Quantum technology has the potential to revolutionise whole fields of computing; from cryptography to molecular modelling. But how do quantum computers work?
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Join leading experts to untangle the quantum computing hype, at this event supported by the Embassy of the Kingdom of the Netherlands.
Artur Ekert works on information processing in quantum-mechanical systems. His invention of entanglement-based quantum cryptography in 1991 triggered an explosion of research efforts worldwide and continues to inspire new research directions. As well as showing that Bell’s inequalities can be used to test for eavesdropping, he has contributed to many important advances in the foundations and experimental realisations of quantum communication and computation. He has played a leading role in transforming quantum information science into a vibrant interdisciplinary field.
Harry Buhrman got his PhD in Computer Science from the University of Amsterdam. Buhrman built the quantum computing group at CWI, which was one of the first groups worldwide and the first in The Netherlands working on quantum information processing. Buhrman’s research focuses on quantum computing, algorithms, and complexity theory. He co-developed the area of quantum communication complexity (quantum distributed computing), and demonstrated for the first time that certain communication tasks can be solved (exponentially) more efficient with quantum resources. This showed that quantum computers can not only speed up computations, but also communication – which opened up a whole new application area of quantum information processing. Buhrman co-developed a general method to establish the limitations of quantum computers, and a framework for the study of quantum algorithms, which is now textbook material.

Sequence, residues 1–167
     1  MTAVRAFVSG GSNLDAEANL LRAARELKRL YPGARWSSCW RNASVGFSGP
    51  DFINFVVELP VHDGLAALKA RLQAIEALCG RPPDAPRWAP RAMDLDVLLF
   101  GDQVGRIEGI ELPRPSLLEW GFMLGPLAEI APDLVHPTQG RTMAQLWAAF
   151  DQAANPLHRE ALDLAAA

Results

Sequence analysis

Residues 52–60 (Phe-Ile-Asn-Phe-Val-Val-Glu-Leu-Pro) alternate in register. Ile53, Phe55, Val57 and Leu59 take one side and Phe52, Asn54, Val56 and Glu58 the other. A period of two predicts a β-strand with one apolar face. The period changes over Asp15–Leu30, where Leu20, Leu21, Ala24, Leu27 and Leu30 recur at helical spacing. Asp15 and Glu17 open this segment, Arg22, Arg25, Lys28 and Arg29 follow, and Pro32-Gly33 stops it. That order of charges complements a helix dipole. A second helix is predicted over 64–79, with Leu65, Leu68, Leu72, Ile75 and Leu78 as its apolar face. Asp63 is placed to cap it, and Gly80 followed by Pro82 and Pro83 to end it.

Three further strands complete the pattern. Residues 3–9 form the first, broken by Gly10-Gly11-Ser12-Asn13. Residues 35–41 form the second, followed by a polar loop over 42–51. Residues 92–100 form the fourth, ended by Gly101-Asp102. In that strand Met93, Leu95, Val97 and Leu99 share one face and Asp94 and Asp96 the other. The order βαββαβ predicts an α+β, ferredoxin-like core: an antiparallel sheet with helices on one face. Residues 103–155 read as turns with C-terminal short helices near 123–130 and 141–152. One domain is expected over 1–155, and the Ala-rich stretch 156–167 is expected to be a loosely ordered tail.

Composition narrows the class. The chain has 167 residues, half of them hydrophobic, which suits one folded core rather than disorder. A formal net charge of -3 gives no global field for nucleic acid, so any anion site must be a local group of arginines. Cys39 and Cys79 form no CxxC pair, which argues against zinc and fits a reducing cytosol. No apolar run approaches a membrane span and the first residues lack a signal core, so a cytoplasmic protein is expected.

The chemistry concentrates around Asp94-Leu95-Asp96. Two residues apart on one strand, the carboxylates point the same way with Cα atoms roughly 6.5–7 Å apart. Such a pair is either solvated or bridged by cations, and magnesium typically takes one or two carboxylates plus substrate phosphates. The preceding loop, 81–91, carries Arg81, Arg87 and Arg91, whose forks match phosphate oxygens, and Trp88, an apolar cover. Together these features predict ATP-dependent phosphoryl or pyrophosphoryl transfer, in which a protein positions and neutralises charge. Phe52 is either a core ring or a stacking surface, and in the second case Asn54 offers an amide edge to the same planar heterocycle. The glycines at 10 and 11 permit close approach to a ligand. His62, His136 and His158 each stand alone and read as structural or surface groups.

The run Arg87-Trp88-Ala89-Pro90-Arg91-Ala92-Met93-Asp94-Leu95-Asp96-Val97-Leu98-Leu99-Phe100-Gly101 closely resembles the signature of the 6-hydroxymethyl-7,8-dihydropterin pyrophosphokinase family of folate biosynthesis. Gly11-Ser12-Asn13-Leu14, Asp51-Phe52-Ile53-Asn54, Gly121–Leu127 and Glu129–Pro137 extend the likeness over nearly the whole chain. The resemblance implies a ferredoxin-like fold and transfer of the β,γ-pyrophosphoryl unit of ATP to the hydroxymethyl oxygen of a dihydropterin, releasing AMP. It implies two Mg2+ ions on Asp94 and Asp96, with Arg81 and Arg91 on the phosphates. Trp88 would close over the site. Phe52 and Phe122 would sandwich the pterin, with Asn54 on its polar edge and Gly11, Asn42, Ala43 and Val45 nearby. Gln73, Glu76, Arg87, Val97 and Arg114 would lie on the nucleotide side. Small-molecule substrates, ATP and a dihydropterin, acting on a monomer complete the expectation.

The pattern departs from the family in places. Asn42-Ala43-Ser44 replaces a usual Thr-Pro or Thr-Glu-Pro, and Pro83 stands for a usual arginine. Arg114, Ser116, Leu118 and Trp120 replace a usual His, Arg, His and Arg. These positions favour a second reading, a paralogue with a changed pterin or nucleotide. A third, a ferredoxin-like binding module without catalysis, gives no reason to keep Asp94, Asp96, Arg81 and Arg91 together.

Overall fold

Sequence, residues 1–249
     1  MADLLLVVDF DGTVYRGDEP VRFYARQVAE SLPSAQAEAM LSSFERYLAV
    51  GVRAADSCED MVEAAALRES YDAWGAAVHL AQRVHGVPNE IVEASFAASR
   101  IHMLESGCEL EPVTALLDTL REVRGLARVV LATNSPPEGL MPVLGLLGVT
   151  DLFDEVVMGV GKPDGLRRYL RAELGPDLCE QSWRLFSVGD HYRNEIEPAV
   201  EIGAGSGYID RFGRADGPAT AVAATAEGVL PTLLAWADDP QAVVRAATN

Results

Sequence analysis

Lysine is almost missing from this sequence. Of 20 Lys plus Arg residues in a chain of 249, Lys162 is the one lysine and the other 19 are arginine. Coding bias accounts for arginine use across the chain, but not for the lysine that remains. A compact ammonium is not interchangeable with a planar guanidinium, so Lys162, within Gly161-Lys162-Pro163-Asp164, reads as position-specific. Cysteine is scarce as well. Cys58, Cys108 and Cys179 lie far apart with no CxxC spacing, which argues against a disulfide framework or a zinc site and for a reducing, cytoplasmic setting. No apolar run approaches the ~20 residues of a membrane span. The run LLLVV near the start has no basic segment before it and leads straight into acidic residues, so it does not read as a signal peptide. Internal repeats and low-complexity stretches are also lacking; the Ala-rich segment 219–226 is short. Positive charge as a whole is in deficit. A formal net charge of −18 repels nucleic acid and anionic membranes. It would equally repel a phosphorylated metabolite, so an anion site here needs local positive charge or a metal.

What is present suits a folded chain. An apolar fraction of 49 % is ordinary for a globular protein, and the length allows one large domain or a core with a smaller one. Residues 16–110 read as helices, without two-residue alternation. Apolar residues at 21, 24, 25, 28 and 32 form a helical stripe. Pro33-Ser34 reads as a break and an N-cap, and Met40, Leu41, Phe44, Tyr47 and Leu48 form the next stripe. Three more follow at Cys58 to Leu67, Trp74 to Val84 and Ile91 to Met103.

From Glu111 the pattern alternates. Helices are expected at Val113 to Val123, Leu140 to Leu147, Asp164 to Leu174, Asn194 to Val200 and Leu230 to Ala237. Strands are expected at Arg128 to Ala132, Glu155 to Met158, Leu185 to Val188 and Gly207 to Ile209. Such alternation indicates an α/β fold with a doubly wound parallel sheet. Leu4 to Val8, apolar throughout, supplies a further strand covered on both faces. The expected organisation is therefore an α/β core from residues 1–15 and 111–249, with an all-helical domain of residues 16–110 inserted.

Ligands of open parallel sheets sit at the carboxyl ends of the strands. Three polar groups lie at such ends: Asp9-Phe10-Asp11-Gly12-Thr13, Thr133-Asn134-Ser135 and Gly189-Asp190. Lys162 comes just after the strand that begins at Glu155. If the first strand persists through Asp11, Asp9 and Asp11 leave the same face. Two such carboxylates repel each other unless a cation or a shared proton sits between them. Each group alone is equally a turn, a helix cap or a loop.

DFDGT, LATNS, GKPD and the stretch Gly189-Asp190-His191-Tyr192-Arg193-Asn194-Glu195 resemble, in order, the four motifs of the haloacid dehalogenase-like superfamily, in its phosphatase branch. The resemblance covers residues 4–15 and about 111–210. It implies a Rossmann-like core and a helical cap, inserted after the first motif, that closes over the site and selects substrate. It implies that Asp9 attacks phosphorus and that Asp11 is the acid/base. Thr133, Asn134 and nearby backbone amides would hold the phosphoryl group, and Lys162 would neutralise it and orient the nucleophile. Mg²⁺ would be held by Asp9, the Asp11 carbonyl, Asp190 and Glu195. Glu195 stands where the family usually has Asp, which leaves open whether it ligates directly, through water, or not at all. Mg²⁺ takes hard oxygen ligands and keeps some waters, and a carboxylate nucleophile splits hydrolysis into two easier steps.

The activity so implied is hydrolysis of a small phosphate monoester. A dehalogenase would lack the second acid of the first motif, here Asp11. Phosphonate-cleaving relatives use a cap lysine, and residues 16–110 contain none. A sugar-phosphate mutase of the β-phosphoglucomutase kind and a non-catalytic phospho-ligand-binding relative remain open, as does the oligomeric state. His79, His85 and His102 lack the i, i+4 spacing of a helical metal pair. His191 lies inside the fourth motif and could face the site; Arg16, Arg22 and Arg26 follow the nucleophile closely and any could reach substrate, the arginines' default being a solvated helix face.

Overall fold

In 2001, Harry Buhrman became professor of algorithms, complexity theory, and quantum computing at the University of Amsterdam (UvA) and group leader of the Quantum Computing Group at the Center for Mathematics and Informatics (CWI). Buhrman co-founded QuSoft in 2015, a research center for quantum software, for which he is also co-director. During his career, Buhrman obtained various prestigious awards. Buhrman also has a leading role in the national Quantum Software Consortium that was awarded an NWO Gravity grant in 2017.”
The event is chaired by award-winning science writer Philip Ball, whose latest book is entitled 'Beyond Weird: Why Everything You Thought You Knew About Quantum Physics Is Different.'
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